We had an extremely high cash position in the Reynolds Blue Chip Growth Fund during the period from October 2007 to March 2009 when the stock market was in a correction phase. We started buying near the market bottom in March 2009. We believe that stocks are selling at attractive valuations based on historical valuation measures. One of these valuation measures is a company’s price earnings ratio relative to inflation, interest rates and the economic outlook. Another valuation measure is a company’s price earnings ratio relative to its forecasted earnings growth rate (the PEG ratio). Many stocks of high quality companies are currently selling at PE ratios and PEG ratios toward the lower end of their historical ranges and we believe that they are attractively valued.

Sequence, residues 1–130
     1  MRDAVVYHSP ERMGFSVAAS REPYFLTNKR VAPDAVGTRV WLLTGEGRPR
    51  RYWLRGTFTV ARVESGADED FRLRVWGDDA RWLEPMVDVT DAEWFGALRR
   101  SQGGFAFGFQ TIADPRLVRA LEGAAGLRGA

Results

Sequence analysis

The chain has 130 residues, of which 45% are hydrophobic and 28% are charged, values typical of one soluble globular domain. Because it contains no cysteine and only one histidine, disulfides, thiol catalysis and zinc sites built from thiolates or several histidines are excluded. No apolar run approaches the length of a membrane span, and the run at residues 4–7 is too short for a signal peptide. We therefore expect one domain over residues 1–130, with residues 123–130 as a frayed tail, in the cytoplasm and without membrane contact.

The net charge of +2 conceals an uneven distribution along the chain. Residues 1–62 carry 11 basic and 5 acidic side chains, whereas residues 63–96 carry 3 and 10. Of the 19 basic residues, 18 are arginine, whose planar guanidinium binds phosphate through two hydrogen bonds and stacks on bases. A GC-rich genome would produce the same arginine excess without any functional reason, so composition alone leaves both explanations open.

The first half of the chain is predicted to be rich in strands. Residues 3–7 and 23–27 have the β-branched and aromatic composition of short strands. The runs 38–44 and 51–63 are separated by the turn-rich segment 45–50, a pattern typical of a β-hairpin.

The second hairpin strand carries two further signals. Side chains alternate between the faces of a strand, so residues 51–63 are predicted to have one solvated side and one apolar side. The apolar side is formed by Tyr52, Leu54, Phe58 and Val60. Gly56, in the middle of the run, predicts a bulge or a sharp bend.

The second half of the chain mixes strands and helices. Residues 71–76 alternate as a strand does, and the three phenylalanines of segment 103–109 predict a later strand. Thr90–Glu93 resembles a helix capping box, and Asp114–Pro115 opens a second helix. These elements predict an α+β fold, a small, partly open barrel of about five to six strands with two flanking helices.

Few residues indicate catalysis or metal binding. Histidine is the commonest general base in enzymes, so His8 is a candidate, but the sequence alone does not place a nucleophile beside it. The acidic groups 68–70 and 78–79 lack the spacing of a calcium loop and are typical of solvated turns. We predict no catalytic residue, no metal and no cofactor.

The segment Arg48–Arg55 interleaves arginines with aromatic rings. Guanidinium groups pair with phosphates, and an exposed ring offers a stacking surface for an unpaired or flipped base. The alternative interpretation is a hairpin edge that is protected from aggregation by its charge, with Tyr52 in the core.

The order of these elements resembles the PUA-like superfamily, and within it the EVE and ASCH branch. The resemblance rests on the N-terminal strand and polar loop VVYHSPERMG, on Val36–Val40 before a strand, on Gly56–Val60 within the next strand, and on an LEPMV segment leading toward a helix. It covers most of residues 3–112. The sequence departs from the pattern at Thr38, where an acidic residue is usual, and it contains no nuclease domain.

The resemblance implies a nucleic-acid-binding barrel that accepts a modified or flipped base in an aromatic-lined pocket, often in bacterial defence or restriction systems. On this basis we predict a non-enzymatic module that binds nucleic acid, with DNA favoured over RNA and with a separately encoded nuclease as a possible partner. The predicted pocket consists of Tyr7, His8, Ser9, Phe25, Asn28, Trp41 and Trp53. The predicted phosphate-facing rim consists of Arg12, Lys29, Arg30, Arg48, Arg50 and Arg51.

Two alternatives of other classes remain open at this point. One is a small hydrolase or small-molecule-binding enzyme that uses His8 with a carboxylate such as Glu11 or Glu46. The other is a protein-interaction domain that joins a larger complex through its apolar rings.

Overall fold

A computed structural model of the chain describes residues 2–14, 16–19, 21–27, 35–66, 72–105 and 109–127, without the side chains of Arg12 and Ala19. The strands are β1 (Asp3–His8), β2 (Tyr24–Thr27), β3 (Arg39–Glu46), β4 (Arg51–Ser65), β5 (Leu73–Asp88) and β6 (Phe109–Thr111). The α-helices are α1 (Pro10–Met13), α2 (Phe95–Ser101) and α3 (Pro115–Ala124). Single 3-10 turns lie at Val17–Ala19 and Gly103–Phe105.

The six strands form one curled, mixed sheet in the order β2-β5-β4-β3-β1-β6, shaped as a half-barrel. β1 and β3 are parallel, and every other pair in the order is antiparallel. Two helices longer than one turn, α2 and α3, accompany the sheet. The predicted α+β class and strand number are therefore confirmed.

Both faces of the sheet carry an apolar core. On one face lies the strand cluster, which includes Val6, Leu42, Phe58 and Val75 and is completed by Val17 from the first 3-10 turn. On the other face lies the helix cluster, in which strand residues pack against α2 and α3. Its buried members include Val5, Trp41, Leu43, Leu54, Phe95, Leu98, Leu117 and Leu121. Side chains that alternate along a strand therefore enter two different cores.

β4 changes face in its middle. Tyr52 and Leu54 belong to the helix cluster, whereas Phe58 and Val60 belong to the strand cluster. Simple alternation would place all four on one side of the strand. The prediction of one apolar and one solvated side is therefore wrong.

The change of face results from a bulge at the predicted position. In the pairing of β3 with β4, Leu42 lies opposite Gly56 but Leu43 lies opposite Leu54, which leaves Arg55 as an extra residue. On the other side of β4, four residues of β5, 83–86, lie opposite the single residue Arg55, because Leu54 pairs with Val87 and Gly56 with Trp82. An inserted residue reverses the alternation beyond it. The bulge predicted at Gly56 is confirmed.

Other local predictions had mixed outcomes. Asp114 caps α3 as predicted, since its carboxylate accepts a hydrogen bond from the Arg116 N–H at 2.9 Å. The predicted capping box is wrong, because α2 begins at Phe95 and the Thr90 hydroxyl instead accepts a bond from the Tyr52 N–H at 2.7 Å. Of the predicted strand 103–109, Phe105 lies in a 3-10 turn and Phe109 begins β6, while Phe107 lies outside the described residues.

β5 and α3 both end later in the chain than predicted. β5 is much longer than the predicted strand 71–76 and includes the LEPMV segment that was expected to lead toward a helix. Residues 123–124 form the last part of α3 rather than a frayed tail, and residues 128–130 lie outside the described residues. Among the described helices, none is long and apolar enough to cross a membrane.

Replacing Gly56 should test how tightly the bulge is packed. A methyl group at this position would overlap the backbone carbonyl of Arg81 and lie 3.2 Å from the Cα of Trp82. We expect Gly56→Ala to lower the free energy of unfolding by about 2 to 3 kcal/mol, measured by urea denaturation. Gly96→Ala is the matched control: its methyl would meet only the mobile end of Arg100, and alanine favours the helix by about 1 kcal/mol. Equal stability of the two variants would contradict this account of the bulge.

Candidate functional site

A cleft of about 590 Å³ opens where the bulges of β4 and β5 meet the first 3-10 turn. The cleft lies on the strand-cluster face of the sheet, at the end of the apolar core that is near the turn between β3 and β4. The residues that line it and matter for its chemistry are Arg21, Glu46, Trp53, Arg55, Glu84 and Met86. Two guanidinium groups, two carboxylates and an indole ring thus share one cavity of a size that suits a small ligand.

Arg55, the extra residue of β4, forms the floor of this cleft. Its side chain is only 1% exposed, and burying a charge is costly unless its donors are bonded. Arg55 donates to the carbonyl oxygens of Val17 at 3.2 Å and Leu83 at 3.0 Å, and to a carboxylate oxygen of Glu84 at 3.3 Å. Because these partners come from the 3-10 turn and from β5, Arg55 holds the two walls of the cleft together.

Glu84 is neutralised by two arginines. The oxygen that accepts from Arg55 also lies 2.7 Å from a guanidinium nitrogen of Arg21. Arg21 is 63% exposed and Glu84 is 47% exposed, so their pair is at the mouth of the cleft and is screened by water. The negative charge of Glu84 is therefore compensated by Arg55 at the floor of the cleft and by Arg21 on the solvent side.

The U.S. economic recovery that started in mid-2009 has continued, although at a modest pace, so far in 2012. The U.S. economic recovery continues to be affected by a number of secular factors that are altering the pace and composition of growth. The economy in 2012 is being affected by high unemployment, greater prudence and less speculation in lending, reduced government spending for the last six straight quarters, and weakness overseas. The U.S. economy is growing, but at a lower than ideal rate. For example, growth of 3% or better is needed to meaningfully reduce unemployment which is currently around 8%. The Federal Reserve Board’s (the Fed’s) second round of economic stimulus named “Operation Twist”, which involved purchasing longer term maturity Treasury Bonds and selling shorter term maturity Treasury Bonds, is scheduled to end on June 30, 2012. This stimulus tended to moderately lower longer term interest rates and added a moderate amount to economic growth. There are currently no announced plans by the Fed for a third round of stimulus. Economic growth has recently slowed. U.S. Gross Domestic Product (GDP) expanded at an inflation-adjusted annual rate of 2.2% in the quarter ended March 31, 2012 helped by a strong private sector including strong consumer spending and hurt by a weak public sector. For the next six months the outlook remains for modest but less than ideal growth accompanied by high unemployment, modest inflation pressures, no change in the Federal Reserve policy on the federal funds rate, a strong private sector and a weak public sector. The economy will continue to be characterized by large fiscal deficits. GDP increased 1.7% in 2011 and 3.0% in 2010, after decreasing 3.6% in calendar 2009, after no change (0.0%) in calendar 2008, and increasing 2.1% in 2007. Only modest GDP gains are forecast for the next two years. U.S. GDP is forecast to expand at a 1.8% rate in the quarter ended June 30, 2012 and at 2.1% for the year ended December 31, 2012 and 2.1% for 2013.